A team of researchers led by Professor Frances Rice at Cardiff University have identified some of the factors involved in how well young people settle into secondary school.
A child’s transition into secondary school education is a challenging period and can have an impact on a pupil’s future mental health and academic achievement.
A team of researchers led by Professor Frances Rice at Cardiff University have identified some of the factors involved in how well young people settle into secondary school. The researchers assessed this by looking at a range of outcomes important to young people including not just their academic attainment, but also their classroom behaviour, and their feelings about school (whether they felt lonely at school or liked school).
Professor Frances Rice said “Children making the transition to secondary school face a range of new experiences and expectations including new routines, changes in relationships with peers and teachers and meeting new academic standards. The influence of children’s feelings of apprehension, their mental health, and parent and teacher expectations in predicting how well children adapt to secondary school has previously been unclear.”
“In this study, we found that most children expressed some worries about starting secondary school but this reduced over the first year of secondary. In terms of testing which factors were associated with how children settled in at secondary school, those children with low symptoms of mental health difficulties in primary school and whose parents or teachers expected them to settle in well, tended to do well in terms of a range of functional outcomes at the end of secondary school (academically, liking school, classroom behaviour, making friends).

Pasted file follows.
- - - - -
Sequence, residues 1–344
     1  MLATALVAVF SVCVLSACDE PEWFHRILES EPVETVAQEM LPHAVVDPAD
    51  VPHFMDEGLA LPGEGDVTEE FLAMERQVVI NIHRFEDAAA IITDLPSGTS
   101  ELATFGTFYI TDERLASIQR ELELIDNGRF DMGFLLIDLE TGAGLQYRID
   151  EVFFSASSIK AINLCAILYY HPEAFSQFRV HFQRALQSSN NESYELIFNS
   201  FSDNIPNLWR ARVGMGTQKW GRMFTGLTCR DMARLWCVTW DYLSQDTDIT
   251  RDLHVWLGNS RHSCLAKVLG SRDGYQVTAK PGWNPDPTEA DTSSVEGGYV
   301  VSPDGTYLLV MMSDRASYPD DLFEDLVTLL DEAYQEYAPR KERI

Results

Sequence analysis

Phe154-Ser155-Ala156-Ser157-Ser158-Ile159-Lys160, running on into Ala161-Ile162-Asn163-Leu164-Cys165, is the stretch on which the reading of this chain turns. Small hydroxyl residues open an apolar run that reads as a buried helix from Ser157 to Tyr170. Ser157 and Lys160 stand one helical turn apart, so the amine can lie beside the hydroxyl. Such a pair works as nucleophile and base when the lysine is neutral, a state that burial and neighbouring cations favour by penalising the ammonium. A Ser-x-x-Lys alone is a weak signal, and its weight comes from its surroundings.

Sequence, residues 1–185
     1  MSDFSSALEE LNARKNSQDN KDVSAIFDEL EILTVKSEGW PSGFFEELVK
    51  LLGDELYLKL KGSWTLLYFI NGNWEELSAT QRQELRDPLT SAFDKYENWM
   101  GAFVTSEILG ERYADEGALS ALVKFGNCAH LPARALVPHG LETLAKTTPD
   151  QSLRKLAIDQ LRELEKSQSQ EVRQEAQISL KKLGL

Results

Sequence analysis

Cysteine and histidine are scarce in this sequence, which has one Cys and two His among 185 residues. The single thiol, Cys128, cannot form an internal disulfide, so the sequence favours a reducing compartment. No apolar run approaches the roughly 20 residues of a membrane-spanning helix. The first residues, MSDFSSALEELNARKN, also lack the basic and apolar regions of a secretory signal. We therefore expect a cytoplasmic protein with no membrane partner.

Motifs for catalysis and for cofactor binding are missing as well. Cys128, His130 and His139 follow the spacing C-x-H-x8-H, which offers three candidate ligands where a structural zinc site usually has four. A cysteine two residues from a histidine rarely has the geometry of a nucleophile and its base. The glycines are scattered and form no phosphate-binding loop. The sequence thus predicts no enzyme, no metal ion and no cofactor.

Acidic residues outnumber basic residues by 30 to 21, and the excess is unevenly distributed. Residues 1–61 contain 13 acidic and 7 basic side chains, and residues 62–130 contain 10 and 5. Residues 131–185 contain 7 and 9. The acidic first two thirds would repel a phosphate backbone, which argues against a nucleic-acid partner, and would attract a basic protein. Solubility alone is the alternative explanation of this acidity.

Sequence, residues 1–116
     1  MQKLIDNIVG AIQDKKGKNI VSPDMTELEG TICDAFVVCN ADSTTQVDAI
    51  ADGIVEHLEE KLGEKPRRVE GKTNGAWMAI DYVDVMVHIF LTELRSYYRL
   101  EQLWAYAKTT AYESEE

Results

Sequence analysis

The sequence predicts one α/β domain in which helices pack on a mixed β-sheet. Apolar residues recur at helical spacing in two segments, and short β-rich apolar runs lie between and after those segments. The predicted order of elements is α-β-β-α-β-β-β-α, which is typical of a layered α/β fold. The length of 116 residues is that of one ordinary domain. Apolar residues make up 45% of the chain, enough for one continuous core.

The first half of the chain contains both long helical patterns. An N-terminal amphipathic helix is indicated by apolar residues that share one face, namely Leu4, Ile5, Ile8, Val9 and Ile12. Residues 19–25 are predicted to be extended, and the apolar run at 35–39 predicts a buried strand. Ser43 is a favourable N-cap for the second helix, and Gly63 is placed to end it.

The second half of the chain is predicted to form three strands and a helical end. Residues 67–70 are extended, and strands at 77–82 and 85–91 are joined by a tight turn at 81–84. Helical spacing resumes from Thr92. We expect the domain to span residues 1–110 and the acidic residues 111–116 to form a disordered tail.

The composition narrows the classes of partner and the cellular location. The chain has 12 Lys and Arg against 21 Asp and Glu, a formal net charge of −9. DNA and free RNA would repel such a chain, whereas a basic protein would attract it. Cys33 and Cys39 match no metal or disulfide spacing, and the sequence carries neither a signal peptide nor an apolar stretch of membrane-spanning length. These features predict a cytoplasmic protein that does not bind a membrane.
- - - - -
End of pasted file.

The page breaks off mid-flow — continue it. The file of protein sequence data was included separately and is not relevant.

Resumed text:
Professor Graham Moore, also from the Wolfson Centre and Cardiff University, added “Primary school teacher expectations showed an association with a wide range of indicators for a successful transition. Gaining access to primary school teacher’s expectations of a pupil’s transition may be useful in enabling better support and monitoring for a young person during this sometimes challenging educational period. A brief 4-item questionnaire for assessing parent and teacher expectations of a pupil’s transition to secondary school is available in the paper.”
Professor Rice concluded, “This study will prove useful in the Wolfson Centre’s research and work led by Professors Simon Murphy and Graham Moore will continue to examine the important role schools can play in promoting positive mental health in pupils.”
The paper, Pupil Mental Health, Concerns and Expectations About Secondary School as Predictors of Adjustment Across the Transition to Secondary School: A Longitudinal Multi‑informant Study, is published in Springer Nature.
This article first appeared on the Cardiff University website.